3D Printing fit for a King – King Henry VIII’s crown 3D printed at Hampton Court Palace

 

SLA Technician, Ashley Ayvaliklis, holding one of two Henry VIII crowns that we made for the Historic Royal Palaces.

SLA Technician, Ashley Ayvaliklis, holding one of two Henry VIII crowns that we made for the Historic Royal Palaces.

In the infamous Tudor monarch’s reign, it would have been touched by a mere handful of privileged people: the Archbishop of Canterbury, the royal jeweller, and, of course, the King himself.  But this May, for the first time, visitors to Hampton Court Palace will be able to touch and even try on a 3D printed version of King Henry VIII’s crown.

 

Historic Royal Palaces, the independent charity responsible for Hampton Court Palace, have created the first 3D printed version of a royal crown, with the help of CRDM & 3D Systems.

 To see a video of the crowns being made, go to http://http://bit.ly/3Dcrown

The real crown – on display to the public at Hampton Court – is a re-creation of the original, which was destroyed by Oliver Cromwell in 1649, after the execution of King Charles I.  A potent symbol of royal power, the crown is made of silver gilt and holds 344 rubies, sapphires, emeralds, diamonds and pearls and five religious sculptures.  It was painstakingly recreated in 2012 by the then Crown Jeweller, Harry Collins, following extensive research by Historic Royal Palaces’ curators into original inventories and contemporary paintings.

 

King Henry VIII wearing his new 3D printed crown

King Henry VIII wearing his new 3D printed crown

The crown was scanned at the palace using a combination of structured light 3D scanning and cross polarised photography, and following processing of the data into a workable 3D model file, was printed using Stereolithography (SLA) and Selective laser sintering (SLS) techniques.  The crown’s delicate shape and fine details made this process a particular technical challenge.

 

The printing is part of Historic Royal Palaces’ commitment to explore how new digital technologies can take the palaces and their stories to new audiences in previously impossible ways. Future plans for the printed crowns include using them as a tactile experience for blind and partially sighted visitors, as well as for school groups – both for handling, (especially for children with Special Educational Needs) and as a printable code for schools experimenting with 3D printing in the classroom.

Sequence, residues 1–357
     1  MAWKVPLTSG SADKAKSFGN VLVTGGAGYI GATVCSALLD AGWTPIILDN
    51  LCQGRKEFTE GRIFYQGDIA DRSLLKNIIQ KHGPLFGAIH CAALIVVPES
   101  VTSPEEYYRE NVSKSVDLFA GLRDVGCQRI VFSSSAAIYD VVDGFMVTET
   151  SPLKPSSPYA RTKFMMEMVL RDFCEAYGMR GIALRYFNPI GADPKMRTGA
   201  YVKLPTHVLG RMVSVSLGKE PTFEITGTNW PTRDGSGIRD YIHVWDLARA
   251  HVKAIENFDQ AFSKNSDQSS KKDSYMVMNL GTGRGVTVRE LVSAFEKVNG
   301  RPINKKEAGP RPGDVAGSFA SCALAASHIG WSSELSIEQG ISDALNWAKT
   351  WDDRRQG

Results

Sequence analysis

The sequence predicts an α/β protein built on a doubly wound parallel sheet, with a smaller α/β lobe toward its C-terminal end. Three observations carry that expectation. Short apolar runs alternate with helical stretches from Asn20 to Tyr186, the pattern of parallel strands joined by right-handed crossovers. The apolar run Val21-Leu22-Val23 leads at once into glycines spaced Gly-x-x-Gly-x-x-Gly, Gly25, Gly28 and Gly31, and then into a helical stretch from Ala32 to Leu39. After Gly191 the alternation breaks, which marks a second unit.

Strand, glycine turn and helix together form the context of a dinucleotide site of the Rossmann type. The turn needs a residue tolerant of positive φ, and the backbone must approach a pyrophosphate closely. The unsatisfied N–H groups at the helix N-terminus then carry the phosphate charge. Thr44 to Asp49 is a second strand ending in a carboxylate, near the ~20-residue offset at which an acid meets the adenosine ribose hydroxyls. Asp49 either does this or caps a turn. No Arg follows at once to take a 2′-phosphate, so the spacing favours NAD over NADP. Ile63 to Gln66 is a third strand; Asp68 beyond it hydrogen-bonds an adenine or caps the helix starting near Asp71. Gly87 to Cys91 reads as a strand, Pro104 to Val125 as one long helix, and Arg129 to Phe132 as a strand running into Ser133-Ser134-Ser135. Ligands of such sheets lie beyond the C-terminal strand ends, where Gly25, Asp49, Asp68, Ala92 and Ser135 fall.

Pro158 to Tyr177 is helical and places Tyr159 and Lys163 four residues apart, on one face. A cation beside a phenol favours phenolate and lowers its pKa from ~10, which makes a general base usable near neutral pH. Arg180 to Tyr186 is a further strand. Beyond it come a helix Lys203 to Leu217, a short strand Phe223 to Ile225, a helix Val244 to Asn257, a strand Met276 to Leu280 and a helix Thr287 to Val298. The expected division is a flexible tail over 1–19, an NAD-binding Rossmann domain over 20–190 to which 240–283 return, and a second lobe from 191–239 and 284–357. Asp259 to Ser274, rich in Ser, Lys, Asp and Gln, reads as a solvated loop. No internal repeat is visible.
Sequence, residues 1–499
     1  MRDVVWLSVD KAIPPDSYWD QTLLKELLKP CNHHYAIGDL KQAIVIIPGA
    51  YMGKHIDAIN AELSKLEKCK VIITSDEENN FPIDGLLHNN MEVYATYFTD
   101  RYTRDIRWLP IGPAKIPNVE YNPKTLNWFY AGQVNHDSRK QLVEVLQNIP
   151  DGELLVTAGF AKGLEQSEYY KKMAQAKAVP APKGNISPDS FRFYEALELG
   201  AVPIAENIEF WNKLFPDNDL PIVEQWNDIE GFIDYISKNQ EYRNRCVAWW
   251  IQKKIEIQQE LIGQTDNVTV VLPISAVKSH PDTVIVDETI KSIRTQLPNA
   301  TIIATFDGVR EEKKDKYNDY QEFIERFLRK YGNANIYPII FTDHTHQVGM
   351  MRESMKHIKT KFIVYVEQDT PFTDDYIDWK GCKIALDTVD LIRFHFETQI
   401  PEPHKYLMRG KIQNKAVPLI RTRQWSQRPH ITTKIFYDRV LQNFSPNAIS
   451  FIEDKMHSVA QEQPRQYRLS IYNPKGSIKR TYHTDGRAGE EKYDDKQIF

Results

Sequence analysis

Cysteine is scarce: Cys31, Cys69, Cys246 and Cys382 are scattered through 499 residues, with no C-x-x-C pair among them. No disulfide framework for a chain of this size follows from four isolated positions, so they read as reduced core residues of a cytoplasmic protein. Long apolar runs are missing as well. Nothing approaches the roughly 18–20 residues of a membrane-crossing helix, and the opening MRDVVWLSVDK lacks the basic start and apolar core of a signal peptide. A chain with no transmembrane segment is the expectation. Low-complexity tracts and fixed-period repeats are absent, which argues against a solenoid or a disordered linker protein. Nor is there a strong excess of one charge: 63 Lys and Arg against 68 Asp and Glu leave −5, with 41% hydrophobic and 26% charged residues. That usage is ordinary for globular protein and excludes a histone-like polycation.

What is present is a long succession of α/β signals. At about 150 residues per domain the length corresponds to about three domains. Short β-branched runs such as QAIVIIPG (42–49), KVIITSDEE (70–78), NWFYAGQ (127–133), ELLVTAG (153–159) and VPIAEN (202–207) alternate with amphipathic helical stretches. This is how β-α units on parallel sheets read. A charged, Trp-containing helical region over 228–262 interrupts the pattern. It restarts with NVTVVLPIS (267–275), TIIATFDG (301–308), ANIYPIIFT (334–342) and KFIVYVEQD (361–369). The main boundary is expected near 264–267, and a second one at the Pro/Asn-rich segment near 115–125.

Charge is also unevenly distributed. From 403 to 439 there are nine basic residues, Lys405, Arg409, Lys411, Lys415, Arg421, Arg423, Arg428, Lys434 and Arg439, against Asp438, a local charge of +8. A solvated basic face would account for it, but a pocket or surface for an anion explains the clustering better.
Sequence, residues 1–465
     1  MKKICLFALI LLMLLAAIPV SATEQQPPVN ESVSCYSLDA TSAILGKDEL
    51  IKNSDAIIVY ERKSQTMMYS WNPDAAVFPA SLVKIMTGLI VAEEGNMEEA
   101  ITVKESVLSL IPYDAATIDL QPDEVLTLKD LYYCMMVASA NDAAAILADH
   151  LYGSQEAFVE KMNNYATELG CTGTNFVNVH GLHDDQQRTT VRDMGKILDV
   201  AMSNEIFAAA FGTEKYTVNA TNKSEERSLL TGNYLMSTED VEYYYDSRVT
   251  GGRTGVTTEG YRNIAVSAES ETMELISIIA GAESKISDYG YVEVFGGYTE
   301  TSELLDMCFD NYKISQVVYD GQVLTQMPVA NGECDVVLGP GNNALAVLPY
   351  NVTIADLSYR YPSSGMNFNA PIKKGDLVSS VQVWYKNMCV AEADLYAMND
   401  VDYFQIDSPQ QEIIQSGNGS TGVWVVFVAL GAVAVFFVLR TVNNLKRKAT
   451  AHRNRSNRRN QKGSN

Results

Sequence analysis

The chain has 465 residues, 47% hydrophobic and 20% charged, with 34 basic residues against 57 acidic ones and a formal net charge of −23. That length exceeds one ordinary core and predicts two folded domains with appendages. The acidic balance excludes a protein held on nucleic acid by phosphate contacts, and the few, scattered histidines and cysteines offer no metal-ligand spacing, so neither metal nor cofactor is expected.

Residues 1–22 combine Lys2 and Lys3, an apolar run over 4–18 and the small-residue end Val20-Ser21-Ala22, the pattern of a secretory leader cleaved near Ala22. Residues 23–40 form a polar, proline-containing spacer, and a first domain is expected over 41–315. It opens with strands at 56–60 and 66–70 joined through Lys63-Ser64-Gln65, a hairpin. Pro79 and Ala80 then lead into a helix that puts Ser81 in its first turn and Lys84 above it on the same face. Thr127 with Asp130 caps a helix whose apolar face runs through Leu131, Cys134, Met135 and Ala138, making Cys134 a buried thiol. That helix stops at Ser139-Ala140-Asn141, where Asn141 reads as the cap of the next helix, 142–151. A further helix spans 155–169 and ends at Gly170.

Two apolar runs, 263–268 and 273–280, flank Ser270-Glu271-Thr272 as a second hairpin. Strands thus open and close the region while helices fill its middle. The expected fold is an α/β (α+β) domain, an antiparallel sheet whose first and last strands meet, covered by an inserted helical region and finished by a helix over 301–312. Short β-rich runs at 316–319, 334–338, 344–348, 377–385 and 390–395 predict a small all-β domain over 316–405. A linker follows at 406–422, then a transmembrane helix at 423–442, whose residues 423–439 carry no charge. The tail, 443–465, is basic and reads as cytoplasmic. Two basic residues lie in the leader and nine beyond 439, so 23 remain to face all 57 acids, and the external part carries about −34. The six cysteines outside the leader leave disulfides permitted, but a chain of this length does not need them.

King Henry the eight-year old

King Henry the eight-year old

Tim Powell, Digital Producer for Historic Royal Palaces said:

 

“The crown is such a powerful symbol of Henry and his reign – but historically, it was touched by so few people. It’s deeply exciting to be able to use 3D printing technology to put this piece of history into people’s hands – and allow them to imagine what it must have felt like to wear something so spectacular and meaningful.  Thankfully this technology wasn’t available to King Henry – who knows what he might have done with a few more blocks and axes!’

 

Simon Hammond, Regional Sales Manager for CRDM & 3D Systems said:

 

“We were delighted to be able to support Tim and the Historic Royal Palaces in the 3D printing of such an iconic piece of British history. It was amazing to see the detail that went into the original crown was faithfully replicated on the copies. It was a privilege to deliver the crowns in person through the main gates at Hampton Court and onto the palace itself; I even saw Henry VIII himself, in full regalia, and even he knew about the project!”

 

 

King Henry VIII's crown vs. a 3D printed version

King Henry VIII’s crown vs. a 3D printed version